• A service provided by an Australian Financial Services (AFS) licensee or representative of an AFS licensee
  • An AFS licensee or representative usually gives a service provided in the course of advice.
  • A service that relates to ascertaining or advising about liabilities, obligations or entitlements that arise, or could arise, under a taxation law
  • A service reasonably expected to be relied upon by the client for tax purposes.

Requirements For Registration

To be eligible to register as a tax (financial) adviser, you need to satisfy the following requirements:

  • be at least 18 years old
  • be a fit and proper person
  • maintain, be able to maintain, professional indemnity insurance that meets the TPB requirements
  • meet the qualifications and relevant experience requirements. These requirements include that you are, or have been, an Australian financial services (AFS) licensee or a representative of an AFS licensee within the 90 days preceding your application.

How To Register

You will need to complete an online application and provide relevant supporting documentation to register.

The current application fee is $560, which must be paid in full before submitting your application.

If your application is successful, you will be registered for at least three years from the date of approval.

Financial Advisers Providing Tax Advice

From 1 January 2022, if you are a relevant provider who provides, or intends to provide, tax (financial) advice services to retail clients for a fee, the following apply:

  • You must be a ‘qualified tax-relevant provider’ under the Financial Sector Reform (Hayne Royal Commission Response—Better Advice) Act 2021 (Better Advice Act). This requires that you have met each of the applicable requirements set out in the Corporations (Relevant Providers—Education and Training Standards) Determination 2021 (Relevant Providers Determination).
  • It would be best to be listed on the Financial Adviser Register as a relevant provider and registered with ASIC from 1 January 2023. You will no longer have to be registered with the Tax Practitioners Board as an individual tax (financial) adviser. The Tax Practitioners Board will not accept applications to be registered as an individual tax (financial) adviser after 31 December 2021.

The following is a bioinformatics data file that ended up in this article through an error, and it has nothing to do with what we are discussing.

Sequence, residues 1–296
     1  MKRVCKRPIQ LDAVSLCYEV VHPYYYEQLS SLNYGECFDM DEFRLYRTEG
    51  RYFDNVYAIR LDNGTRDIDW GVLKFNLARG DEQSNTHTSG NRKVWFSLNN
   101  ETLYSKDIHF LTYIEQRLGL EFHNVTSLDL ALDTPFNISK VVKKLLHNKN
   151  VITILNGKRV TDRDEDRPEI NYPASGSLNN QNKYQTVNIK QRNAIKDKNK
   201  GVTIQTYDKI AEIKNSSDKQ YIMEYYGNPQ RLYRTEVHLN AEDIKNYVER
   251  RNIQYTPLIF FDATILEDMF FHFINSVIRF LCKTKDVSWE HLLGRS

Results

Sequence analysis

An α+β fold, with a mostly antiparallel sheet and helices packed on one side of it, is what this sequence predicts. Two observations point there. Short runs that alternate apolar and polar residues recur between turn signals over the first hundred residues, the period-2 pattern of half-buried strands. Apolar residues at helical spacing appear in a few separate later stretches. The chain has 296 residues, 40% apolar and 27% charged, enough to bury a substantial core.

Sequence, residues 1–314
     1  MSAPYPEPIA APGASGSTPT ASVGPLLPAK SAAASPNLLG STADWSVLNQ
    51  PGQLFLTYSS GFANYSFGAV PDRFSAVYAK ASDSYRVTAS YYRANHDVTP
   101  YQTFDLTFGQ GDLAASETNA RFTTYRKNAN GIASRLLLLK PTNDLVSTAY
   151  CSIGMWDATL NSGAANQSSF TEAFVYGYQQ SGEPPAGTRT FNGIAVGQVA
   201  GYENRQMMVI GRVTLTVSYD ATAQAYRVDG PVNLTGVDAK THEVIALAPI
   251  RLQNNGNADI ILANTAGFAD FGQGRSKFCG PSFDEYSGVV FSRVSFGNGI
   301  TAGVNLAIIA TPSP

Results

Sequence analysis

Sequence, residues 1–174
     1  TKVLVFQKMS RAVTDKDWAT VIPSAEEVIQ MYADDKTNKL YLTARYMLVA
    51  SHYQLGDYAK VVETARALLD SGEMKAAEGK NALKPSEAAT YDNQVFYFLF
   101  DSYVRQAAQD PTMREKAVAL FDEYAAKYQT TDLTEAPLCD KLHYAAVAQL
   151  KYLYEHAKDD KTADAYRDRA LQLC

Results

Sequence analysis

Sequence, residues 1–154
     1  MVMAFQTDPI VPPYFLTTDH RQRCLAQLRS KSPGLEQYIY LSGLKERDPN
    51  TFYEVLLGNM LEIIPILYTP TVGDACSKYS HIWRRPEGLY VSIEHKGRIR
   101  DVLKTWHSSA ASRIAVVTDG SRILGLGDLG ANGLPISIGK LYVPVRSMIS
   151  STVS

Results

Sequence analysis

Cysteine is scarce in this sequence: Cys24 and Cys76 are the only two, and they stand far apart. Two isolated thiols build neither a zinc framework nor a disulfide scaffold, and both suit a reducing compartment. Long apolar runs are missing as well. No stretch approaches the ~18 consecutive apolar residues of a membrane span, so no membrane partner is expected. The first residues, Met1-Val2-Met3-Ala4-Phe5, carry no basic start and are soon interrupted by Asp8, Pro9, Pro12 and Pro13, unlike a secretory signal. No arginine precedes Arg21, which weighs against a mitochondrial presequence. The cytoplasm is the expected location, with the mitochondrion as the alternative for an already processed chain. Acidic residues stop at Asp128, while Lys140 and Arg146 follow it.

• ASIC will primarily regulate you under the Corporations Act (with the Financial Services and Credit Panel operating as the single disciplinary body for all financial advisers who provide personal advice to retail clients on relevant products).

What Is A Tax Agent Service?

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A tax agent service is defined in s 90-5(1) of TASA as any service:

(a) that relates to:

  • (i)       ascertaining liabilities, obligations or entitlements of an entity that arise, or could arise, under a *taxation law; or
  • (ii)      advising an entity about liabilities, obligations or entitlements of the entity or another entity that arise, or could arise, under a taxation law; or
  • (iii)     representing an entity in their dealings with the commissioner; and

(b) that is provided in circumstances where the entity can reasonably be expected to rely on the service for either or both of the following purposes:

  • (i)       to satisfy liabilities or obligations that arise, or could arise, under a taxation law;
  • (ii)      to claim entitlements that arise, or could arise, under a taxation law.

An adviser must therefore be registered under TASA to provide taxation advice. Furthermore, a special type of registration was developed for financial advisers covered by an Australian financial services licence (‘AFSL’) who do not prepare and lodge tax returns or represent taxpayers concerning matters involving the ATO

Thus, broadly, we outline the provision of taxation advice below having regard to the services typically provided by:

  • non-licensed advisers, e.g., an accounting firm that is also a registered tax agent; and
  • licensed advisers who are registered tax (financial) advisers.

In this regard, the Tax Practitioners Board website states:

All Australian financial services (AFS) licensees and their representatives that provide tax (financial) advice services for a fee or other reward must be registered with the Tax Practitioners Board (TPB).